then openDialog "You refuse to enter something?"
        else openWindow ("You entered " ++ text)

The (fictive) functions openDialog and openWindow could not only open dialogs and windows but could also register come cleanup routine in the CleanIO. runAndCleanup would first run the opening actions and afterwards the required cleanup actions. I.e. if the dialog was opened, the dialog must be closed, but not the window. That is, the cleanup procedure depends on the outcomes of earlier actions.

Now consider the slightly different task, where functions shall register initialization routines that shall be run before the actual action takes place. (See the original discussion started by Michael T. Richter in Haskell-Cafe: Practical Haskell Question) This is impossible in the monadic framework. Consider the example above where the choice between openDialog and openWindow depends on the outcome of getLine. You cannot run initialization code for either openDialog or openWindow, because you do not know which one will be called before executing getLine. If you eliminate this dependency, you end up in an applicative functor and there you can do the initialization trick. You could write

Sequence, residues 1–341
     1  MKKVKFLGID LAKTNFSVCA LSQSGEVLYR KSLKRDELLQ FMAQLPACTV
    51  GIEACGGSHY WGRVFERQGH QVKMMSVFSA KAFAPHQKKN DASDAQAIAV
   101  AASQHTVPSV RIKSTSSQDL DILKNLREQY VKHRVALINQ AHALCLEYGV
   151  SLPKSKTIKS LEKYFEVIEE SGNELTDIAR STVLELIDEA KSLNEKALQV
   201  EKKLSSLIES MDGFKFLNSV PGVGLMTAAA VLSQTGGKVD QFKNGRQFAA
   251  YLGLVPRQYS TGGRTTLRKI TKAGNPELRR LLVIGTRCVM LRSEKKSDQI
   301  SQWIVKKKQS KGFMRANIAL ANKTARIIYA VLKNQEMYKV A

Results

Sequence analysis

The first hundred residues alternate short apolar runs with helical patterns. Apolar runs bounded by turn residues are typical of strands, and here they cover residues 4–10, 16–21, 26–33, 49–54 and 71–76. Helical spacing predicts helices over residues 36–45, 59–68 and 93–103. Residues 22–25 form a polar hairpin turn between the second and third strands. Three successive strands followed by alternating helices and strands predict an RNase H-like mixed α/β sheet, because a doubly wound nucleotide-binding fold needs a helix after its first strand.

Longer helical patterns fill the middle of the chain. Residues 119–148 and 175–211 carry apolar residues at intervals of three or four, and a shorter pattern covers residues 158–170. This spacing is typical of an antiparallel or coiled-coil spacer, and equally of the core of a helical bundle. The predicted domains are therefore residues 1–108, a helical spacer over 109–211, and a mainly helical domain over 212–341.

initializeAndRun $
liftA2
  (liftToInit getLine)
  (writeToWindow "You requested to open a window")

where writeToWindow registers an initialization routine which opens the window.


Some advantages of applicative functors

  • Code that uses only on the Applicative interface are more general than ones uses the Monad interface, because there are more applicative functors than monads.
  • Programming with Applicative has a more applicative/functional feel. Especially for newbies, it may encourage functional style even when programming with effects. Monad programming with do notation encourages a more sequential & imperative style.

How to switch from monads

  • Start using liftM, liftM2, etc or ap where you can, in place of do/(>>=).
  • When you notice you're only using those monad methods, then import Control.Applicative and replacereturn with pure, liftM with (<$>) (or fmap or liftA), liftM2 with liftA2, etc, and ap with (<*>). If your function signature was Monad m => ..., change to Applicative m => ... (and maybe rename m to f or whatever).